EU faults Britain over missed deficit targets
The European Commission said Britain, despite tough spending cuts, remained in breach of the 28-nation bloc’s deficit rules and gave it another two years, to 2016-17, to put its fiscal house in order.
“These recommendations are not about Brussels lecturing governments,” EU Commissioner for Economic Affairs Pierre Moscovici said.
“They are about encouraging national efforts to deliver the jobs and growth that we collectively need.”
European Union rules adopted since the 2008 global financial crisis give Brussels increased oversight powers to ensure member states meet the targets to avoid a repeat of the crash which brought the economy to its knees.
For the 19 eurozone countries, Brussels can impose fines and other sanctions. But while it cannot go so far for non-euro Britain, keeping the country under an Excessive Deficit Procedure may prove politically embarrassing for newly re-elected Prime Minister David Cameron.
Cameron fought the May 7 election on his stewardship of the economy, pushing through harsh spending cuts and promising more to come in order to put the public finances on the sound footing needed for sustainable economic growth.
He also promised voters a referendum on Britain’s EU membership by 2017, and the Commission’s report may be additional grist to the mill for anti-EU campaigners who resent what they see as interference by Brussels.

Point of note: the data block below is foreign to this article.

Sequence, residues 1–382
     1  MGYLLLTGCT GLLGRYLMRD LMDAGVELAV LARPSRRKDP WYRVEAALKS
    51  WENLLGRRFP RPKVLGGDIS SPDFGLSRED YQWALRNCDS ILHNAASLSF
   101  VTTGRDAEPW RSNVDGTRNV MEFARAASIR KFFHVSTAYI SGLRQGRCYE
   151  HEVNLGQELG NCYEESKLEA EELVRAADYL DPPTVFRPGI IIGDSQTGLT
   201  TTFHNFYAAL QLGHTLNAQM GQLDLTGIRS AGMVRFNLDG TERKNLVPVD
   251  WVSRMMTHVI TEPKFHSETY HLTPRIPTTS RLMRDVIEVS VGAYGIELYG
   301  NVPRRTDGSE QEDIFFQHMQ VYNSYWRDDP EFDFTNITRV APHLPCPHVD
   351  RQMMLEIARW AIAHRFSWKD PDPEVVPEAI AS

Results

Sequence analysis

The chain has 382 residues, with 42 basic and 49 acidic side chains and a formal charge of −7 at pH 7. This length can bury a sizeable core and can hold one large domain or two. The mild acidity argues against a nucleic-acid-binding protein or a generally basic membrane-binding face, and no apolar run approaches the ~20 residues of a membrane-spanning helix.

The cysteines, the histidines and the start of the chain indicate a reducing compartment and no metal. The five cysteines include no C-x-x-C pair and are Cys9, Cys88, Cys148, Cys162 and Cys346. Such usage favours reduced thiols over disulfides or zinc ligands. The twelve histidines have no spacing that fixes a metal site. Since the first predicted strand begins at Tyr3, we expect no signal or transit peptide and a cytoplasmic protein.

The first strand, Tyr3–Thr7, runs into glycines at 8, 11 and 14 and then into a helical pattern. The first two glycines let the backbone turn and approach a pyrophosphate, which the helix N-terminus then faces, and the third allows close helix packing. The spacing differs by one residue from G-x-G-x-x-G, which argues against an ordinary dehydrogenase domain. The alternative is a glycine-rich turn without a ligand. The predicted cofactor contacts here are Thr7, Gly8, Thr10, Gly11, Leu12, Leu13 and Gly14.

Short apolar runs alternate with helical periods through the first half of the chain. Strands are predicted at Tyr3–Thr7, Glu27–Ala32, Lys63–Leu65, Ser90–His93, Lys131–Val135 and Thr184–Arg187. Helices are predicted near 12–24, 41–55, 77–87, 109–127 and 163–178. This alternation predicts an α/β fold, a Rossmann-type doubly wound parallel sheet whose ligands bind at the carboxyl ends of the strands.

– Britain needs more savings –
“The excessive deficit procedures have to end some day,” Moscovici said.
The Commission said Britain’s budget deficit — the shortfall between revenue and spending — stood at 5.2 percent of annual economic output in the current 2014-15 financial year, still way above the EU limit of three percent.
The government should accordingly rein in spending further so as to hit a headline deficit figure of 4.1 percent in 2015-16 and 2.7 percent in 2016-17, it said.
The EU first put Britain under surveillance in 2008, giving it until 2009-10 to come into line with the rules.
But the global financial crisis put government finances everywhere under intense pressure and pushed the British deficit to 10.9 percent, with Brussels extending the deadline to 2014-15.
Many EU member states, including powerhouse Germany, have breached the bloc’s fiscal rules over the years, but there is a newfound determination in Brussels to enforce them in the aftermath of the 2008 crisis.
Croatia, Cyprus, France, Greece, Ireland, Portugal, Slovenia and Spain are currently on the EU’s EDP list alongside Britain.
The Commission said Wednesday it would strike Poland and Malta from the list after they had made progress, while proposing Finland be added as its public finances deteriorate.
The Commission’s findings will be submitted for approval to the European Council, which groups the leaders of the 28 member state
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